Facing Death with Hope!

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The life of the Apostle Paul was bound up so with Jesus that he could announce "for me to live is Christ, and to die is gain" (Philippians 1:21). This actually became his theme for living, as well as for dying. Since living was Christ for Paul, Christ was the beginning of life for him. He could recall the experience on the Damascus road as a time of great change. Christ spoke directly to him, challenging him to be a witness of what he had seen and heard, to be an apostle, and a missionary of light to the Gentiles (Acts 26: 14-18). Paul had surrendered completely. Christ was the continuance of that life. There had not been a day that he had not lived in the presence of his Lord. A quote from Galatians 2:20, "I am crucified with Christ. Nevertheless, I live, yet not I, but Christ liveth in me, and the life that I now live in the flesh I live by the faith of the son of God who loved me and gave himself for me". The dynamic, motivating force in his life was the Saviour. If Christ were taken out of his life there would have been nothing left. Christ was also the end of life. In the Roman prison as he was writing the letter to the Philippian Christians, he faced realistically the prospect of death. He felt that he was moving toward the goal that Christ had set for him, yet in life or in death, he was ready for whatever the Lord willed. Paul explains this dilemma as he faces life and death in Philippians 1: 23,24. He is caught between two desires. For him, death would be gain; but his work of teaching was still needed. Roy Loren expresses well Paul's feelings. Death for Paul was a certainty, not uncertainty. It was conscious existence, not unconscious oblivion. It was far better, not dreadful or tragic. It was a beginning, not an ending. It was a commencement and not a ceasing to be. His greatest desire was to depart and be with the Lord. This word depart can mean that as a tablet dropped into the water dissolves, so in death life disappears, but is not destroyed. The form of life changes. It can also refer to the lifting of an anchor so that the ship can move out. We can watch the ship across the horizon until out of sight. So, in death, we move out from one shore to another. Alfred Lord Tennyson expressed this idea in a poem he requested be placed at the end of his works:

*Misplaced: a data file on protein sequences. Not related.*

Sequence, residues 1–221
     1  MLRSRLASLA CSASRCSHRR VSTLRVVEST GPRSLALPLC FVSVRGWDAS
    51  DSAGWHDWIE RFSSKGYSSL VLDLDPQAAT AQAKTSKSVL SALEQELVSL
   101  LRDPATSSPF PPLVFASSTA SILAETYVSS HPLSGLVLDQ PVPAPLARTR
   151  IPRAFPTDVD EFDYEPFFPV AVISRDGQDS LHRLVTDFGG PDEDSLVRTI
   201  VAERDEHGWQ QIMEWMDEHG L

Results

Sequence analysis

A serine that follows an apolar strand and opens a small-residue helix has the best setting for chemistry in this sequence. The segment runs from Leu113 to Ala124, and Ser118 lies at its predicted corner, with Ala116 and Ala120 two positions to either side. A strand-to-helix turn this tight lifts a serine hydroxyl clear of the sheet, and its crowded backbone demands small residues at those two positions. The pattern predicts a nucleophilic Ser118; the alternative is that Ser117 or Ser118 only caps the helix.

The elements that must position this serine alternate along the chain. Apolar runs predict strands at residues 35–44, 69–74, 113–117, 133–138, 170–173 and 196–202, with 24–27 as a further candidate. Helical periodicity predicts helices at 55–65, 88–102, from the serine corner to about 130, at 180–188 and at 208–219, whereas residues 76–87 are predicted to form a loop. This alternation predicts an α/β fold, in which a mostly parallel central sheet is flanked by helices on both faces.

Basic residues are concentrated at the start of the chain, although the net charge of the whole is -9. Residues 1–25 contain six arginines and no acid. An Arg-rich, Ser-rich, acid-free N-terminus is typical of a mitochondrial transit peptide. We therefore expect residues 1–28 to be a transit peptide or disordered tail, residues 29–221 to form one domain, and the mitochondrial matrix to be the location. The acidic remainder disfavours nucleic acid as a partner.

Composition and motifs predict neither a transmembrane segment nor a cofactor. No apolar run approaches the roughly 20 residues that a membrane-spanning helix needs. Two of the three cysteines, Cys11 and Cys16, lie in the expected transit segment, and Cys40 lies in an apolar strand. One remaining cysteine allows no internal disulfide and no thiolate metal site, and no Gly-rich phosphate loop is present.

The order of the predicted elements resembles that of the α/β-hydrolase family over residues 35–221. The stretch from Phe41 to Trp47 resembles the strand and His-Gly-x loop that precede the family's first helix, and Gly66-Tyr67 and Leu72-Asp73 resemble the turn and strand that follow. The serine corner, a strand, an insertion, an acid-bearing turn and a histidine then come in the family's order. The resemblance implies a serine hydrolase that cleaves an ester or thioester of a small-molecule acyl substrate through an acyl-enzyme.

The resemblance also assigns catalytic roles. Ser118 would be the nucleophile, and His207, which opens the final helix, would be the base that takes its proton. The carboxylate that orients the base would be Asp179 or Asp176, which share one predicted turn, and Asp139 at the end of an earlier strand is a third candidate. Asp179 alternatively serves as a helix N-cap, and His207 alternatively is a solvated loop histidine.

Twilight and evening bell And after that, the dark ! And may there be no sadness of farewell When I embark. For tho' from out our bourne of Time and Place, The flood may bear me far, I hope to see my Pilot face to face When I have crossed the bar. It can further be used for the striking of a tent, loosening the pins and ropes in order to break camp. When our pilgrimage is over here we will leave behind our earthly tents and move on to our heavenly home. (II Corinthians 5: 1). In the spring of 1870 as Robert E. Lee lay dying, the final words he uttered were typical of his long military career. "Strike the tent". He realized the time to move on had come. With this kind of thought the child of God does not fear death and can even look forward to it. During World War II, the Royal Air force of England sacrificed many pilots in the process of defending their country. Yet instead of reporting that they were "killed in action", the notice always read, "posted to another station". And this can be true of the Christian.

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